The seal lip 32 extends axially from the radial wall 26 of the seal case 20 and is to a large measure generally parallel to the cylindrical surface 14. Indeed, during normal operating conditions (FIGS. 4-7) its outwardly presented surface is for the most part cylindrical, just like the cylindrical surface 14 or the thrust rib 12 for the cone 6. The inwardly presented face of the seal lip 32 is formed by a pair of conical surfaces 36 and 38 which converge toward a sealing edge 40. The conical surface 36 is presented toward the interior of the bearing B and when the seal lip 32 is not distorted it is inclined at about 60° with respect to the axis of the bearing B. The conical surface 38 faces in the opposite direction, and under normal operating conditions is inclined at between 20° and 30° with respect to the axis of rotation. The sealing edge 40 is very narrow, yet continuous for the entire circumference of the lip 32, and indeed the lip 32 contacts the cylindrical wear surface 14 along the full circumference of the edge 40. Actually, during normal operating conditions, a thin film of oil o (FIG. 5) exists between the sealing edge 40 and the cylindrical wear surface 14, so the edge 40 does not in a strict sense come directly into contact with the wear surface 14.
In addition to the two conical surfaces 36 and 38 and the sealing edge 40, the seal lip 32 has elastohydrodynamic pumping elements 42 (FIGS. 4-6) which are in effect embossments of generally triangular shape that project from the conical surface 38 adjacent to the sealing edge 40. Actually, the pumping elements 42 are perhaps more trapezoidal in configuration than triangular, with each having its inclined margins presented oblique to the edge 40 and its parallel margins parallel to the edge 40. Moreover, the shorter of the two parallel margins is coincident with the sealing edge 40. More specifically, each pumping element 42 includes two planar side faces 44 which are perpendicular to the conical surface 38 and converge toward the sealing edge 40, intersecting the sealing edge 40 such that the inclined angles between the two side faces 44 and the edge 40 are equal. The inclined angles should range between 10° and 60° and should preferably be about 30°. The side faces 44 extend out to a back face 46 which is presented toward the dust lip 34. The two side faces 44 together with the back face 46 and the sealing edge 40 define a bottom face 48 that is presented toward the cylindrical wear surface 14 on the cone 6. The bottom face 48 may be generally planar or slightly concave with its curvature corresponding to the underlying wear surface 14. In any event, the bottom face 48 at its leading margin merges into the sealing edge 40 and of course at that end possesses the same circular shape as the sealing edge 40. The opposite margin of the bottom face 48, however, is spaced from the conical surface 38, and forms a pivot edge 50 about which the entire seal lip will rock or pivot. Owing to the presence of the back face 46, the bottom face is disposed inwardly from the conical surface 38 with the angle between the bottom face 48 and the underlying surface 14 being between 3° and 15° and preferably about 5°. As a consequence the side faces 44 of the element 42 are triangular, and thus impart a wedge shaped cross-sectional configuration to the entire pumping element 42 (FIG. 4). The side faces 44, being included with respect to the sealing edge 40 and the direction of relative movement between the seal lip 32 and wear surface 14, serve as deflecting surfaces for pumping any lubricant that escapes past the sealing edge 40 back toward the sealing edge 40. The particular faces 44 which do the pumping are, of course, dependent on the direction of the relative movement between the seal lip 32 and the cylindrical wear surface 14.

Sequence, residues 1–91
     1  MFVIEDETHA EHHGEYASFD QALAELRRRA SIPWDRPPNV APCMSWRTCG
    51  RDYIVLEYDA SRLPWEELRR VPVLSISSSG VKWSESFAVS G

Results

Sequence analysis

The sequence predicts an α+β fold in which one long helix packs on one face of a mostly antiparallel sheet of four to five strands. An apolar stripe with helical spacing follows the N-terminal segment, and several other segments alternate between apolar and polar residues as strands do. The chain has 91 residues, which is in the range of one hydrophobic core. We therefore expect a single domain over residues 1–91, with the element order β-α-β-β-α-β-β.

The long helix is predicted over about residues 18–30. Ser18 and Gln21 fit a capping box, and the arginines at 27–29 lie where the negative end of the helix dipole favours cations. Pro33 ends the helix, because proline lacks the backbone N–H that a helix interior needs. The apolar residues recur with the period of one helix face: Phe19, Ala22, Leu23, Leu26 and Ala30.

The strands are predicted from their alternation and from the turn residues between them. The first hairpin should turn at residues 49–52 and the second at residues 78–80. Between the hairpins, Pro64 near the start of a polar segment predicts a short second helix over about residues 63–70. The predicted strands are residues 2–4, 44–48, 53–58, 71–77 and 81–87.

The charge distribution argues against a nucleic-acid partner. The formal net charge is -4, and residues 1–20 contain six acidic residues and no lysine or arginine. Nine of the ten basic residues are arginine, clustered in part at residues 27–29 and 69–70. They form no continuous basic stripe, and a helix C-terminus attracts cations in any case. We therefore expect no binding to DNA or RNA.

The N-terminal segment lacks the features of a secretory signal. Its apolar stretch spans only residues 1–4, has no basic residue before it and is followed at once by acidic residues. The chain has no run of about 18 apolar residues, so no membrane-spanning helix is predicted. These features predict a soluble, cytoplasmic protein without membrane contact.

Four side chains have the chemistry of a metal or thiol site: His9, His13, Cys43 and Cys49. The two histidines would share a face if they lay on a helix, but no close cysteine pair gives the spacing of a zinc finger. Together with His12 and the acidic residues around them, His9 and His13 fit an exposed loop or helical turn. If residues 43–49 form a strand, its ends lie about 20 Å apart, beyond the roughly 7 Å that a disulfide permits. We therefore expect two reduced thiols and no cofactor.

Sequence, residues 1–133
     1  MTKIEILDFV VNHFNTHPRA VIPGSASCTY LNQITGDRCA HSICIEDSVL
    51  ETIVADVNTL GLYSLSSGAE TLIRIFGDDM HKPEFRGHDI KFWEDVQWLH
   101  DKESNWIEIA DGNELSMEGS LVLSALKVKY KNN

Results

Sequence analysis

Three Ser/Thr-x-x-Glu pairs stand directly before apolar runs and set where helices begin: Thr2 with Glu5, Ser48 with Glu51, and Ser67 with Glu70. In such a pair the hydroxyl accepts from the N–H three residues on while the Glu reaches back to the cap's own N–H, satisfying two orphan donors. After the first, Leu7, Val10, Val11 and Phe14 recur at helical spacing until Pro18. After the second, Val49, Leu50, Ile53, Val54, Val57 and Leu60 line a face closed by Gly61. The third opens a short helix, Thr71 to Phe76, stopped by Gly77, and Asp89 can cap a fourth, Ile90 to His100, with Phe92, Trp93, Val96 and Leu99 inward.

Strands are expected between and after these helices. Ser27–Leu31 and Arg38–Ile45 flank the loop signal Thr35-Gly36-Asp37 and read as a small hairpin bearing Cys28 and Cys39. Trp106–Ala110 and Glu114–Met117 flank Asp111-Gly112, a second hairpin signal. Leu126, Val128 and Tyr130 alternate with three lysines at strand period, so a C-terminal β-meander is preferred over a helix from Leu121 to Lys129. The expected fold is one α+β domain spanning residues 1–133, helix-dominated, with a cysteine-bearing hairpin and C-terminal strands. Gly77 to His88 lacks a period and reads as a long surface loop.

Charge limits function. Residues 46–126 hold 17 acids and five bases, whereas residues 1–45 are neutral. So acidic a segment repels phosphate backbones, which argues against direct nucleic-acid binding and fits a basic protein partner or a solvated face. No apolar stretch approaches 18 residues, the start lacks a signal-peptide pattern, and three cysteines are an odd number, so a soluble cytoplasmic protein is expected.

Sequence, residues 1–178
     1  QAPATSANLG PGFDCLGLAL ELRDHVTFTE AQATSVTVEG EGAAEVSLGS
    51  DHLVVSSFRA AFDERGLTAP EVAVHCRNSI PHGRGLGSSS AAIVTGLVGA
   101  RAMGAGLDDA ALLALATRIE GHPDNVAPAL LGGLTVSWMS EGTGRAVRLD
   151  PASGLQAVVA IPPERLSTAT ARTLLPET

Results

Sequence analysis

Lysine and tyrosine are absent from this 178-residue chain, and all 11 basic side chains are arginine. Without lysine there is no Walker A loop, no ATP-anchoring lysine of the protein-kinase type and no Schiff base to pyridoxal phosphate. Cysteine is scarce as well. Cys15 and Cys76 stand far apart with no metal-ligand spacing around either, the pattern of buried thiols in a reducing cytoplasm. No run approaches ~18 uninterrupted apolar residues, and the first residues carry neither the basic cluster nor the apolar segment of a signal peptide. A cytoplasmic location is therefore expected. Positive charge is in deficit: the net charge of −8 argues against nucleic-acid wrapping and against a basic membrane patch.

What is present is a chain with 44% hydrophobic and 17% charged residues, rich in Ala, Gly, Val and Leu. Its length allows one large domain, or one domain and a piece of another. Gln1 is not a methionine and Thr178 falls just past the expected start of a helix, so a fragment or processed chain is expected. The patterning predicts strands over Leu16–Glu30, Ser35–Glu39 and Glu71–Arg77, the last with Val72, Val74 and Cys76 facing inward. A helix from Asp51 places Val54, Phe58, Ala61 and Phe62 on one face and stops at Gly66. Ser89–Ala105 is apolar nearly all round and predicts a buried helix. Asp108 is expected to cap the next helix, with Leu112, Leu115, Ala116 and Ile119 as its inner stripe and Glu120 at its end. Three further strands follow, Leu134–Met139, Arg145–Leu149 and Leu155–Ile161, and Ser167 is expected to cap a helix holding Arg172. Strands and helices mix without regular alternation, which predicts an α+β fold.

The so-called footprint left by the seal on the cylindrical surface 14 during normal operating conditions is a narrow band enlarged at equal intervals by projections away from the sealed region (FIG. 7). The band represents the area supporting the sealing edge 40, while projections represent the additional area that supports the nearby portions of the pumping elements 42.
Unlike conventional elastohydrodynamic seals, the seal element 22 will vent the interior of the bearing B if the pressure within the bearing B exceeds a predetermined magnitude, this being by reason of the fact that the pumping elements 42 lie much closer to the wear surface 14 than would the pumping elements of a conventional seal. In particular, as the pressure within the bearing B increases, it exerts a radially inwardly directed force on the seal element 22. This causes the seal element 22 to deflect where it is thinnest, which is the region where the seal lip 32 merges into the dust lip 34, and as a consequence, the seal lip 22 assumes a somewhat different configuration (FIGS. 8-10). In particular, the outwardly presented surface of the seal lip 32, instead of maintaining a cylindrical configuration, bows inwardly, and the entire lip 32 rocks backwardly on the sealing edge 40. Indeed, the entire bottom faces 48 of the pumping elements will in time come against the wear surface 14. A slight increase in pressure beyond this point causes the seal lip 32 to deform even further and instead of pivoting about the sealing edge 40, it now pivots about the back or pivot edges 50 of the pumping elements 42. This raises the forward portion of each pumping element 42 off of the wear surface 14 and likewise lifts the adjacent portions of the sealing edge 40 (FIGS. 8 and 9). Consequently, any trapped air escapes under the elevated portions of the sealing edge 40.
The footprint for the seal lip 32 in its self-venting condition is a series of circumferentially spaced bands arranged in two rows with the bands of the rows alternating (FIG. 10). The row of bands closest to the sealed region represents the segments of the sealing edge 40 that are supported by the cylindrical surface 14, while the other row represents areas of support for the pivot edges 50 on the pumping elements 42.